As activists, we’ve additionally witnessed this firsthand. Twenty years in the past, after we helped the filmmaker Aishah Shahidah Simmons make “No! The Rape Documentary,” she was initially rejected by each main distributor. An govt from HBO even wrote to her in 1998, “Let’s face it, very unfortunately, most people don’t care about the rape of Black women and girls, and therefore we’re concerned that there won’t be many viewers who will tune in to watch No!, were we to air it on our network.”
Even in the present day, as #MeToo continues to dominate headlines, black ladies have been invisible in the motion. Instead, the media has primarily centered on white Hollywood actresses who’ve come ahead with their allegations of systemic abuse and harassment in the business.
But we discovered via our work with A Long Walk Home, a nonprofit we based in 2003 in response to Salamishah’s personal expertise of rape when she was 17, that considered one of the most missed but efficient methods to create social change is to simply imagine the tales that ladies and younger girls of shade inform us. And since black ladies stay at the crossroads of gender and racial violence, if we would like to empower them, we’ve got to confront and dismantle every system of oppression that impacts them.
This previous summer time, for instance, younger artists and activists in our group, which works to finish violence towards women and girls, led their first public artwork marketing campaign, referred to as “The Visibility Project.” They selected to take over Douglas Park in Chicago, the place a number of ladies from their college had been kidnapped and later sexually assaulted. It’s additionally the place 22-year-old Rekia Boyd was killed by an off-duty police officer in 2012.
As the ladies shared their tales of sexual assault or gang violence, they refused to separate the impression of sexual violence, gun violence and political brutality on their lives and on their metropolis. And there was a ripple impact. We’ve seen in our work that black ladies are very highly effective organizers; they recruit boys, different ladies, their mother and father and finally, their group, into the motion. That’s another excuse we have to be sure that this present second of listening to and believing black ladies and younger girls is sturdy. If it’s fleeting, the#MeToo motion will fail.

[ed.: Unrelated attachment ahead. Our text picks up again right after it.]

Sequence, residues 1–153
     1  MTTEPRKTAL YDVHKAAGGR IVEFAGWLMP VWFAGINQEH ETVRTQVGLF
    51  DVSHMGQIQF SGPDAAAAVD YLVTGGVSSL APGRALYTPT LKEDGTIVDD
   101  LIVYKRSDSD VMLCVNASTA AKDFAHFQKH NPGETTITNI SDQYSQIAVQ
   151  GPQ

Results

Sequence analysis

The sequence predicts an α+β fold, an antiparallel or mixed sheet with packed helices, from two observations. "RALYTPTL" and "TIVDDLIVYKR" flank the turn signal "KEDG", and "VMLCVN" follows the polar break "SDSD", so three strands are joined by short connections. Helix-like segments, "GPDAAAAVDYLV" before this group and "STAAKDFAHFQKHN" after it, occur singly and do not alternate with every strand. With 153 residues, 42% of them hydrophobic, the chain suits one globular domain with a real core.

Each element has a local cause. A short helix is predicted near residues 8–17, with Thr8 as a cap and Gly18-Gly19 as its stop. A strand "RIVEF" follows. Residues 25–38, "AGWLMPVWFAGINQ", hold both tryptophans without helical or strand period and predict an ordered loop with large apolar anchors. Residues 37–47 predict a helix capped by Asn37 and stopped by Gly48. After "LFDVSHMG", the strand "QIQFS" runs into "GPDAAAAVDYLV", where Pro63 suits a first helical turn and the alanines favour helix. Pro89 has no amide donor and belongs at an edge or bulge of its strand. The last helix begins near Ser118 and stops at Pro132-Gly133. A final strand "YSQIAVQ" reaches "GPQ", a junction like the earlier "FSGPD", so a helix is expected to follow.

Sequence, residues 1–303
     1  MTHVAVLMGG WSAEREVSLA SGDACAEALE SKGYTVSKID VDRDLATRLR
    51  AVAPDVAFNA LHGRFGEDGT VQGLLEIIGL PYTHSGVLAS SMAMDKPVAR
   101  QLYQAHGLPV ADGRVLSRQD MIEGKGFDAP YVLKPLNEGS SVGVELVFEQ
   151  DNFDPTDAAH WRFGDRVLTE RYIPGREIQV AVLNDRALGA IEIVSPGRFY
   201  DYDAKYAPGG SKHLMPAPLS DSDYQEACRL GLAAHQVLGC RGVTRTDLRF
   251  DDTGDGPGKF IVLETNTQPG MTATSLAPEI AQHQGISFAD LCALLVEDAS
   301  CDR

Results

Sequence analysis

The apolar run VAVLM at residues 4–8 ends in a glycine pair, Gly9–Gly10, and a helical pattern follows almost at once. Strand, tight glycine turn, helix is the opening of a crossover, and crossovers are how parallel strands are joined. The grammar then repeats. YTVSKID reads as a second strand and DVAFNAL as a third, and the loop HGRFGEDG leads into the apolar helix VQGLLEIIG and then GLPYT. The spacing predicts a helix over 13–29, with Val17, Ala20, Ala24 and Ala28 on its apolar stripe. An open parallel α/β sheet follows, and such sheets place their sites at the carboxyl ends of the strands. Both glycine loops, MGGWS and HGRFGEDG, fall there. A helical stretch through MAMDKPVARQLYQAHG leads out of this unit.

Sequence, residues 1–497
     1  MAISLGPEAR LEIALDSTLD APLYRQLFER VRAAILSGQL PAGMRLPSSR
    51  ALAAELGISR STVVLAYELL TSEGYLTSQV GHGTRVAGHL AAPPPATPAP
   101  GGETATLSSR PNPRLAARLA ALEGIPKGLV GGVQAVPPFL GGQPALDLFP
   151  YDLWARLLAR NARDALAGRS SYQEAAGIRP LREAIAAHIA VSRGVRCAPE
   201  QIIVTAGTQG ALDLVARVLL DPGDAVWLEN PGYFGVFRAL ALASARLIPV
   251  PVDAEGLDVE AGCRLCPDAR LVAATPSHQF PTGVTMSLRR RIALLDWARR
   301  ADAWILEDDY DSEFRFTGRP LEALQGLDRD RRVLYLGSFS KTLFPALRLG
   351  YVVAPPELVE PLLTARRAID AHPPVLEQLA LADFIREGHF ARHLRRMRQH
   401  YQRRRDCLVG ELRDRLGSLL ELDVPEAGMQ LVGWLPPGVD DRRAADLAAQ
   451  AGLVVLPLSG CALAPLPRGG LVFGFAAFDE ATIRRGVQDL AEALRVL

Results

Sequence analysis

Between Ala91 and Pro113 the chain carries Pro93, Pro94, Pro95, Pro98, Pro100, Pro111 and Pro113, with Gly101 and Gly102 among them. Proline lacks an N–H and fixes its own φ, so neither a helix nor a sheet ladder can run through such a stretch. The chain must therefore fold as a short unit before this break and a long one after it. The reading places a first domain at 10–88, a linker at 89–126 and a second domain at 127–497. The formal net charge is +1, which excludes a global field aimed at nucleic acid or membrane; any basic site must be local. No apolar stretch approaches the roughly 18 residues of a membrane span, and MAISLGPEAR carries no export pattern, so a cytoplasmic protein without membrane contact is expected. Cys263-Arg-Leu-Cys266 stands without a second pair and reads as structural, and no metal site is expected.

This requires new types of collaboration and coalition-building. Legacy civil rights organizations should prioritize sexual assault and home violence with the identical ardour that they create to voting rights or felony justice reform. White feminists ought to set up for equal pay and reproductive rights round an anti-racist framework. Victim rights organizations should provide culturally particular assets and elevate up the work of organizations led by black girls which have lengthy been on the entrance line of those points like Black Women’s Blueprint, Girls for Gender Equity, Love With Accountability, Project Nia and the Sasha Center.
With every passing day, extra younger girls accuse R. Kelly of sexual assault. That means extra individuals and establishments — with the obtrusive exception of his label, RCA data — are taking their voices, and, by extension, ladies who appear to be them, severely.
We’ve been ready for this second for a very long time. Let’s not squander it.